Here's how to word salary requirements into the body paragraph of your cover letter. And in a way that shows your prospective employer that you understand average ranges for this type of position.
As mentioned in the posted job description, I wanted to provide my salary requirements for the position. Based on the company's budget, I'm very open to discussing this salary. My salary expectation would be somewhere in the $45,000 to $53,000 range. This is based on the average salary ranges for this job, in this job market, and geography.
Before mentioning my requirement for this position. I'd like to recognize that I'm asking for a higher salary due to my Master's Degree and prior work history. I understand that this could be perceived as an aggressive initial offer regarding salary. I'm very open to discussing salary. I'm suggesting that my compensation be somewhere in the $70,000 to $80,000 range per year.
I'd like to say that my salary request is negotiable based on other relevant factors, including stock options or paid time off. With that said, my professional worth comes from my bachelor's degree in computer science, my extensive experience in the industry, and my research on recent salary information in this geography. I'm looking for $120,000 to $160,000 per year in my next job. Once again, this could change based on additional benefits offered to me as an employee.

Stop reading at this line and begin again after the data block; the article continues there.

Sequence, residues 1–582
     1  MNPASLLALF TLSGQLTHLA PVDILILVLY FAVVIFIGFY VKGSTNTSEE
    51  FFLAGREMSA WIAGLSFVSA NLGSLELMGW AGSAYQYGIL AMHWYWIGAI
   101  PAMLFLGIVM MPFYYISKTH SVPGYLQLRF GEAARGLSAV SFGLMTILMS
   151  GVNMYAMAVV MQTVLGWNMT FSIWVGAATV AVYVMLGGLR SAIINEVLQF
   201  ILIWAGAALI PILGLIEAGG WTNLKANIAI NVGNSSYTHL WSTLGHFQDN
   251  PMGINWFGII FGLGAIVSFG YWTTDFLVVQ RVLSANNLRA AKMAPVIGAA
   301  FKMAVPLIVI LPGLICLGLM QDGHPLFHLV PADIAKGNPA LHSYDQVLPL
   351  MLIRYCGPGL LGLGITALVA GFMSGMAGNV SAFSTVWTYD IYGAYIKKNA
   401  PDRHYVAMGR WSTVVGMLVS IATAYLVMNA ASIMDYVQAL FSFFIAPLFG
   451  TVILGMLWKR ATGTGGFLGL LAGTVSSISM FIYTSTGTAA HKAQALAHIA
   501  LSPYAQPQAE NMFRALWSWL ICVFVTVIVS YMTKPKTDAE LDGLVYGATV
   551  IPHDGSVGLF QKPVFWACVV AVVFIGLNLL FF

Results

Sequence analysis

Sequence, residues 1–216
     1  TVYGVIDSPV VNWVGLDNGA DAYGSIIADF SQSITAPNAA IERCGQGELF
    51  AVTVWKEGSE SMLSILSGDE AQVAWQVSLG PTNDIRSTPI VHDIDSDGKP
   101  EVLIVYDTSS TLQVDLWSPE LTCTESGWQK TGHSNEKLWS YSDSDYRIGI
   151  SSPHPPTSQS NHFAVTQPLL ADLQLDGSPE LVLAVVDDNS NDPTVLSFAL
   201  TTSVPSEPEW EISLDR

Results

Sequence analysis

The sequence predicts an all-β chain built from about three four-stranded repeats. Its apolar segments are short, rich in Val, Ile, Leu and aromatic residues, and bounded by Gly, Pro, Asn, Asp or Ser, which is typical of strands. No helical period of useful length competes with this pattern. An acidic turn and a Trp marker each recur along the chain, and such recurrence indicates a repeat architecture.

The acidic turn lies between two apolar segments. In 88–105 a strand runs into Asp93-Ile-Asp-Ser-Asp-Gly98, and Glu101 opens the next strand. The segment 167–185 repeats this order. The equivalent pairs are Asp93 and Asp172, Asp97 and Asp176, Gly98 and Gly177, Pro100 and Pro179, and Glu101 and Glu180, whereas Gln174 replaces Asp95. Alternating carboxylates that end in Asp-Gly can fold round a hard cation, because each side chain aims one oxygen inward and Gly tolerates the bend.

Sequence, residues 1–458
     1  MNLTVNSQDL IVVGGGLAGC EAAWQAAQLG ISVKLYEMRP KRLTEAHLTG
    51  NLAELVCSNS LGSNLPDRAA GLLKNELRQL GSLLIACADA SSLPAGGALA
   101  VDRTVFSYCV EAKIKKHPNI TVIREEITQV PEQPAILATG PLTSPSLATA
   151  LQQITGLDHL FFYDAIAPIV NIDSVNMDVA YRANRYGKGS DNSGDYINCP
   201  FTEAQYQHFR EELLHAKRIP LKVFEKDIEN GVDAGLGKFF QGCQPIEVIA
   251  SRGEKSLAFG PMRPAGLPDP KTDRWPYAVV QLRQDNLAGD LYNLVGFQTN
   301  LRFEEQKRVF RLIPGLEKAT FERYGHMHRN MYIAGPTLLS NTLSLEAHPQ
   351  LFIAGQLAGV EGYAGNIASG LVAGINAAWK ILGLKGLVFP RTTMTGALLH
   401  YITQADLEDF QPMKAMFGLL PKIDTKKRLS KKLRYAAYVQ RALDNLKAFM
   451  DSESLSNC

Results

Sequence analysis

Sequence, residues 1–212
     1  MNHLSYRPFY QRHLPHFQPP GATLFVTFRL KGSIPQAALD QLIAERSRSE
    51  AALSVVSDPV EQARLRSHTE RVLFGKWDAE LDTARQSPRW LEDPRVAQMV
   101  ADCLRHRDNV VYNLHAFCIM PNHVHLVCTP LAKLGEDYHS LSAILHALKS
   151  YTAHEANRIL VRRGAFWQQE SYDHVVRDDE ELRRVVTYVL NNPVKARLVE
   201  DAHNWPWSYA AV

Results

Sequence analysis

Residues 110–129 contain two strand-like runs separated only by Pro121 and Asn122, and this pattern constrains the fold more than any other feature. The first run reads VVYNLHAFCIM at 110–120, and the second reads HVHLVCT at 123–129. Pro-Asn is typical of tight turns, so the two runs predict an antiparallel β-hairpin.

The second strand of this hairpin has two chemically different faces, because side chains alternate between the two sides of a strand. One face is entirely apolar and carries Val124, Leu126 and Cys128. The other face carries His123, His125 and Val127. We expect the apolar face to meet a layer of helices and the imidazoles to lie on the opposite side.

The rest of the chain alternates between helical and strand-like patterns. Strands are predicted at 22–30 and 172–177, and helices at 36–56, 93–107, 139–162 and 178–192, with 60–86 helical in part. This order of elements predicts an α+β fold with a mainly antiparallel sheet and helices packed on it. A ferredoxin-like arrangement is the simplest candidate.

Cover letter example including salary requirements
August 1st, 2021
Dear Ms. Boyle,
I'm writing this cover letter to suggest my interest in the open Software Engineer position that's available at Apple Inc. I've always found myself gravitating toward your products and services. Since I was very young, I was always working with computers. And Apple computers was one of the first that I really found a strong passion for.
I have 12 years of experience in this position. And I noted in the job requirements that you were asking for a cover letter with salary requirements included. Before I mention my requirements, I want to suggest that this is negotiable depending on the types of benefits that are offered to employees. This could include stock options, paid time off, or 401k options. After researching this role and my geography, I am asking for $120,000 to $140,000 per year.